There are differences between Anil Ambani’s Reliance Capital and Lender’s Over Resolution Plan


Disagreements have emerged between lenders and the RBI-appointed custodian of debt-plagued Reliance Capital Ltd (RCL) over the wind-down process of the company’s various subsidiaries or clusters that are on the block, sources said.

As of March 25th, the deadline for submitting expressions of interest (EoI), 54 bids were received for the settlement of RCL and its many subsidiaries.

Of those, about 22 EoIs are for RCL as a company, while the rest are for individuals or a combination of the company’s eight subsidiaries, sources said.

RCL had offered all bidders two options. Under the first option, companies could bid for Reliance Capital, including its eight subsidiaries or clusters. The second option gave companies the freedom to bid for their subsidiaries, individually or in combination, sources said.

Important clusters of RCL are Reliance General Insurance, Reliance Health Insurance, Reliance Nippon Life Insurance, Reliance Asset Reconstruction and Reliance Securities.

Disagreements have arisen between the administrator, the creditors’ committee (CoC) and their respective legal advisers over the subsidiaries and their winding-up process, sources said, adding that all of RCL’s subsidiaries are profitable companies, well capitalized and management teams of those are also the businesses intact.

Therefore, according to IBC, no compliant plan can be presented for these subsidiaries as no remediation is required as none of these units are stressed and are a well run business, they said.

The disagreement between the Administrator and the CoC on the methodology to be followed for the sale of these subsidiaries is causing a delay in finalizing the Resolution Plan Request (RFRP) document, they said.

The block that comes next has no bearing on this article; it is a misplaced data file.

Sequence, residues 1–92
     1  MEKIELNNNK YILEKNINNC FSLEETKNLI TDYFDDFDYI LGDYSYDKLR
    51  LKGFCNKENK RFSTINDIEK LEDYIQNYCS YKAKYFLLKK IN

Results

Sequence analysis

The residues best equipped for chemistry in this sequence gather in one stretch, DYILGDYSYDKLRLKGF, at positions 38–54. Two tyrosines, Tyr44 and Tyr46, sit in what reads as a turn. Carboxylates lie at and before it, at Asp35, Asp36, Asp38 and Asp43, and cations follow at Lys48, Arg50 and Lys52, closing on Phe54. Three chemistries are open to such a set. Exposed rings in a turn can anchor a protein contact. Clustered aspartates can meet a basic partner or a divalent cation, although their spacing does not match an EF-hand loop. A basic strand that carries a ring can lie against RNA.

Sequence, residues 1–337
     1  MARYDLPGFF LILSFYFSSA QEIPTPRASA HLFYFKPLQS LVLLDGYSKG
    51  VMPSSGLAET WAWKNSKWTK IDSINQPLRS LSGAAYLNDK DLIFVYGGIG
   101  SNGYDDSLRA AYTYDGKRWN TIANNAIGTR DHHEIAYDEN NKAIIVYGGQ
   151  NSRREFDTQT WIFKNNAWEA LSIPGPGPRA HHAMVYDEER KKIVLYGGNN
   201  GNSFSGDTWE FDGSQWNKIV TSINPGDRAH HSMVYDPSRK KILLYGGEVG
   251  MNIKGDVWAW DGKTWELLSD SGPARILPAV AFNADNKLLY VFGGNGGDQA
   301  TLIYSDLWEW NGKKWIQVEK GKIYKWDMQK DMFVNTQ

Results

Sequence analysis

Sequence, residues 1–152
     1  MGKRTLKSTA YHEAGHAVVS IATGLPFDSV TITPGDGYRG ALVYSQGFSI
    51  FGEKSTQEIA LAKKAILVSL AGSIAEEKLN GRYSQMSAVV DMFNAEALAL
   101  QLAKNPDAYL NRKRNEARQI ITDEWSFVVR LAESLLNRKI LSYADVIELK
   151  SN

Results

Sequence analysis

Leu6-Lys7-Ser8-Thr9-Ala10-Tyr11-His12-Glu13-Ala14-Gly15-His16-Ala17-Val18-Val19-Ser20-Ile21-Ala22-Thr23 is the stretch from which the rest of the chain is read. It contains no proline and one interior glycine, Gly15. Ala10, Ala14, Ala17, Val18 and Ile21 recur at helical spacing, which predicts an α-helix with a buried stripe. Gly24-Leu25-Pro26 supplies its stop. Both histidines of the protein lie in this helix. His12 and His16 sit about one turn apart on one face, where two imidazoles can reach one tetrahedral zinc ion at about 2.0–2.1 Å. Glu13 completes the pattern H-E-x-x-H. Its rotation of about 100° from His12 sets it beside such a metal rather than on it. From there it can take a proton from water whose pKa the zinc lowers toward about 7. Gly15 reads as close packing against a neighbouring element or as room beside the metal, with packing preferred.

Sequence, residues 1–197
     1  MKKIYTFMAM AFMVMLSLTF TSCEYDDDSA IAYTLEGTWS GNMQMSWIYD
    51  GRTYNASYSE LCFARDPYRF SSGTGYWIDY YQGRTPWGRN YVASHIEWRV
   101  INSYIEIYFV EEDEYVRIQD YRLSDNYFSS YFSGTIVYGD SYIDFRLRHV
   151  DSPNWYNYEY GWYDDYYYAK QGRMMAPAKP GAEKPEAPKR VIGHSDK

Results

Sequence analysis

According to the original schedule, the RFRP was to be issued to all companies that had submitted EoIs by April 5, but according to sources, the CoC and Admin have yet to finalize the terms of the RFRP document.

The RFRP document sets out the guidelines for submitting and evaluating the resolution plan for a debtor. The RFRP must be agreed between the Administrator and the Chain of Custody before it is made public to all potential resolution applicants.

There is disagreement as to whether price bids should be obtained for individual clusters under the second option and how financial bids for subsidiaries can be obtained in an IBC compliant manner.

According to sources, the CoC intends to force the formation of a consortium of cluster-level bidders to submit a company-level resolution plan, but the administrator is not in favor of it.

The administrator’s main concerns with this approach relate to the mechanism for forming a consortium of bidders at the cluster level and responsibility for failure to meet these plans.

Many of the CoC’s RFRP proposals are not compliant with the Insolvency and Bankruptcy Code (IBC) and therefore create tensions with the administrator, sources said.

The Reserve Bank of India (RBI) replaced the board of Reliance Capital Ltd (RCL) on November 29 last year amid defaults and serious governance issues.

RBI appointed Nageswara Rao Y as insolvency practitioner in connection with the company’s Corporate Insolvency Resolution Process (CIRP).

This is the third large non-bank financial corporation (NBFC) against which the central bank has initiated bankruptcy proceedings under the IBC. The other two were Srei Group NBFC and Dewan Housing Finance Corporation (DHFL).

RBI then filed a motion to initiate the CIRP against Reliance Capital with the Mumbai Bench of the National Company Law Tribunal (NCLT). There is a three-member Advisory Committee composed of former State Bank of India DMD Sanjeev Nautiyal, former Axis Bank DMD Srinivasan Varadarajan and former MD and CEO of Tata Capital Praveen P. Kadle.

In February of this year, the RBI appointed administrator invited expressions of interest (EoIs) for the sale of Reliance Capital.


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